Depending on the design of the apartment or hotel often bathrooms are back to back. Thus playing in the bathroom may carry less into the next room where people spend a lot of time. And tho the acoustics are not good for you, you can reduce the volume of your playing a lot and still hear what you play. I don't travel a lot but when I do I usually play between 9- 11 am when people are out on errands or not tired and settled in for the evening etc. On the receiving end of this I have rarely enjoyed listening to anyone practice in adjacent rooms, even if they were good. Usually you can only hear some of the notes clearly so even it the playing is great and music enjoyable you just get muffled noise. It can certainly be a problem, as Phineas suggested it might be good to talk with your neighbors and find out what their schedules are and let them know you are concerned about disturbing them. I wonder about playing in your car?? Never tried that???

fluttiegurl
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Post by fluttiegurl » Sat Apr 05, 2008 6:58 am

The biggest issues that come with not practicing out loud are lack of tone development, breathing and articulation can suffer as well, so it is very important to practice at your full volume whenever possible. Have you ever considered practicing somewhere outside of your home? My favorite place to practice is a church because it also gives me the added bonus of the stage and great acoustics. I also have a local music store that will let me use the upstairs room when it is unoccupied (that actually benefits them as well). Do you know any local business owners who may met you practice before/after hours? What about a friend's house? The bad thing about this is you can't just get up and practice whenever you want in your underwear, but it is most definitely an idea to consider. :D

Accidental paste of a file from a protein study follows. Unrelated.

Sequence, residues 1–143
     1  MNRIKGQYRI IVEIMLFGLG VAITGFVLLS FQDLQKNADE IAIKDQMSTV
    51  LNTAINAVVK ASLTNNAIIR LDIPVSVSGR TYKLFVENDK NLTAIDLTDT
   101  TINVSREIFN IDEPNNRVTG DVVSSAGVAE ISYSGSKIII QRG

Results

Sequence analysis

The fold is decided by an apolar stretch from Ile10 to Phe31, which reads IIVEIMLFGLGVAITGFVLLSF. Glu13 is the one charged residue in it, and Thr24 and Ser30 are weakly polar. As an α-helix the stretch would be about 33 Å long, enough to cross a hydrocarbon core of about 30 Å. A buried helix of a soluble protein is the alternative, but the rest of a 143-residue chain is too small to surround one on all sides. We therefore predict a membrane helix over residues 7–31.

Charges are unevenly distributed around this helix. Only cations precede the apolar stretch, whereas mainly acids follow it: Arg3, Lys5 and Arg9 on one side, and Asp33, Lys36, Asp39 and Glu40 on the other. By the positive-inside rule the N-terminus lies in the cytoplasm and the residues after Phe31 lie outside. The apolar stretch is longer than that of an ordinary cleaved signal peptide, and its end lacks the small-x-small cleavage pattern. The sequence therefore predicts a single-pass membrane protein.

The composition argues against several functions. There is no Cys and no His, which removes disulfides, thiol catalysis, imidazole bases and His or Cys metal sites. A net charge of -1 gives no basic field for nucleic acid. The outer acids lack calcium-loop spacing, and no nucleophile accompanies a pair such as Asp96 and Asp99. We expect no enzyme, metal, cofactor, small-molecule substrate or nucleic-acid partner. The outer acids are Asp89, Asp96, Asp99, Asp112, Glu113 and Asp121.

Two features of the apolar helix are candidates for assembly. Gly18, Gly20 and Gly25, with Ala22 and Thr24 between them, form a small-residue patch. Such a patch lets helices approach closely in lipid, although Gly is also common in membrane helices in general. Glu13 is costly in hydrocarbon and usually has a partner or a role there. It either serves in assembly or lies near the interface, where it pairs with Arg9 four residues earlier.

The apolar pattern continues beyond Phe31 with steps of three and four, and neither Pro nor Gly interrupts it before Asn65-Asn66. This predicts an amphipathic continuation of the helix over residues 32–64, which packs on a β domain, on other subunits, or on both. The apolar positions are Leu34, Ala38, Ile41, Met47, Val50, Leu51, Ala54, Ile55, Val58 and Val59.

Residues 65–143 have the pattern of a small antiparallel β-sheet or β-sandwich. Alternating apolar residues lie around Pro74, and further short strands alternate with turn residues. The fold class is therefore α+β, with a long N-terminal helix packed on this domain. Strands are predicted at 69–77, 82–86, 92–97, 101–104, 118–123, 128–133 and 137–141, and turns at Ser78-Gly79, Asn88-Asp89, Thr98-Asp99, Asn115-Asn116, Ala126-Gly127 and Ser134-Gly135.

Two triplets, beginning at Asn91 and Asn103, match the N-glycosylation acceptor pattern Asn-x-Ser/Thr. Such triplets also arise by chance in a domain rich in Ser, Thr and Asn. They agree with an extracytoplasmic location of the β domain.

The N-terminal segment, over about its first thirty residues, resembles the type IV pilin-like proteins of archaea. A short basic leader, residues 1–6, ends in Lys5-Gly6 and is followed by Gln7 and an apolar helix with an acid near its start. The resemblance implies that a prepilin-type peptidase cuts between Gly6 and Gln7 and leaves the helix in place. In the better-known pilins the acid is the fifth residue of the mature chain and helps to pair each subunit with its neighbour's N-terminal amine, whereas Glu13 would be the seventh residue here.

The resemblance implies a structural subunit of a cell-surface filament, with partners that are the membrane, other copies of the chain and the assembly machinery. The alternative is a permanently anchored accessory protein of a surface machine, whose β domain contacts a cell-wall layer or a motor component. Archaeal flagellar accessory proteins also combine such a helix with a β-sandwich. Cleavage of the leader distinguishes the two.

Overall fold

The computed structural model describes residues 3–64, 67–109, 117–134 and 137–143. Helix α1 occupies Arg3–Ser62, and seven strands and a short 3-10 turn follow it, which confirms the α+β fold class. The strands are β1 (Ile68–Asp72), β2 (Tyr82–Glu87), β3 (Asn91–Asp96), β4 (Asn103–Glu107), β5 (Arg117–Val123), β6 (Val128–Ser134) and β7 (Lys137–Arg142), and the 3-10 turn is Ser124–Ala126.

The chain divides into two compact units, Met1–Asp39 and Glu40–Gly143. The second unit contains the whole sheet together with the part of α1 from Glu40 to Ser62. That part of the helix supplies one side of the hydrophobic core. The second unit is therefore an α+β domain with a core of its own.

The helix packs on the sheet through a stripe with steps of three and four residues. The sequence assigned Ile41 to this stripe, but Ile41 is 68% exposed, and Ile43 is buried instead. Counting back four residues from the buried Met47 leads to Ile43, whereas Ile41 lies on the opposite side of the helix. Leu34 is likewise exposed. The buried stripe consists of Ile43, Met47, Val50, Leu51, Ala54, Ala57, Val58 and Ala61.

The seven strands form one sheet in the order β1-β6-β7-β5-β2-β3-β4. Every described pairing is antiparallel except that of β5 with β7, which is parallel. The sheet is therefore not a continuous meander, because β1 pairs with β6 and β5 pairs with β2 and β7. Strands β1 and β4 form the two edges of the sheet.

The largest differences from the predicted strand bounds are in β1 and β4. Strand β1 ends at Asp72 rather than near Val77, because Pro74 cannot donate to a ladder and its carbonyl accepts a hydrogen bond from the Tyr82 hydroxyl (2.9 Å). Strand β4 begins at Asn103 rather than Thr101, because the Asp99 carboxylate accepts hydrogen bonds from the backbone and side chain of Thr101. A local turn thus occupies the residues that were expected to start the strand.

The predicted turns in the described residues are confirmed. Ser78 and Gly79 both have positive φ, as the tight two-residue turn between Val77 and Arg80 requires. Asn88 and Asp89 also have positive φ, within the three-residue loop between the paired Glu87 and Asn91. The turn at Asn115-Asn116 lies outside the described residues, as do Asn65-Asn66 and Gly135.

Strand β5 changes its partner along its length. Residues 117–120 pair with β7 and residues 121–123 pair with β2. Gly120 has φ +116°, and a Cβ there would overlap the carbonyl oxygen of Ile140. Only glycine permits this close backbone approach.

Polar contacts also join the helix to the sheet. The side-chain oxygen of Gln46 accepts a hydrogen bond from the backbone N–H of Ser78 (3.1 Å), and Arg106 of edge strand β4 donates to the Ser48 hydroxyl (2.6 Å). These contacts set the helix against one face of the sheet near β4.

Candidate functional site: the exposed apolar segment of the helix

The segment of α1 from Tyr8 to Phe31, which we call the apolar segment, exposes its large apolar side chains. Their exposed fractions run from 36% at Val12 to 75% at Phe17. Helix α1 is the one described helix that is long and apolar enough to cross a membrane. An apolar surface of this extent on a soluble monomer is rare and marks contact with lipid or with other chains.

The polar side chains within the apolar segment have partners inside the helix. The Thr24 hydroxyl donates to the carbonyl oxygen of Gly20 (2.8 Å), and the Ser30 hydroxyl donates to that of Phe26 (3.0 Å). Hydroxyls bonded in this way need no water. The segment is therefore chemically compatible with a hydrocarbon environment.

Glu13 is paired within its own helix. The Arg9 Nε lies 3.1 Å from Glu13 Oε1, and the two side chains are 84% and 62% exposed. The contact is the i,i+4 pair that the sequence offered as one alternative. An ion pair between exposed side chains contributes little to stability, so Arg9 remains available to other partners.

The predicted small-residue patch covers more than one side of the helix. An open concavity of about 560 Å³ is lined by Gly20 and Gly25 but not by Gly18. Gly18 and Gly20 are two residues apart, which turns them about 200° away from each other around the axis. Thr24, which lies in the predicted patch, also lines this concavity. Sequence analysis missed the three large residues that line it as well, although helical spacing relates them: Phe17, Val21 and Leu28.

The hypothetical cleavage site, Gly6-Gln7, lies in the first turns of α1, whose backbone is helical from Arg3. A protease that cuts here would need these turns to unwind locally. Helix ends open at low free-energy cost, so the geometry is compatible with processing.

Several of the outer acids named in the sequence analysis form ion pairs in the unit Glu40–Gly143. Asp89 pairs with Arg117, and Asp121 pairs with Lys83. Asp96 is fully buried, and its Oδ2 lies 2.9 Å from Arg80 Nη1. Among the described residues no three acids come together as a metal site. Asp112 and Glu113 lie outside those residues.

I too play in hotels quite a bit. Aside from requesting a room that is as far from others as possible (which you can't do in an apartment), getting to know who is around you and simply displaying courteousy helps a great deal. When I lived in an apartment, I practiced at home when I knew no one was around or when it would least likely be a bother. Simply letting people know what you are doing can also gain a lot of respect from them. Non musicians tend to be more fascinated by what we do than annoyed.

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wulf
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Post by wulf » Sat Apr 05, 2008 9:40 am

I have the privilege of being one of the leaders of a church which has its building just round the corner from where I live so I can go up and practise loudly there once in a while (it does has neighbours but is a much larger building than my flat).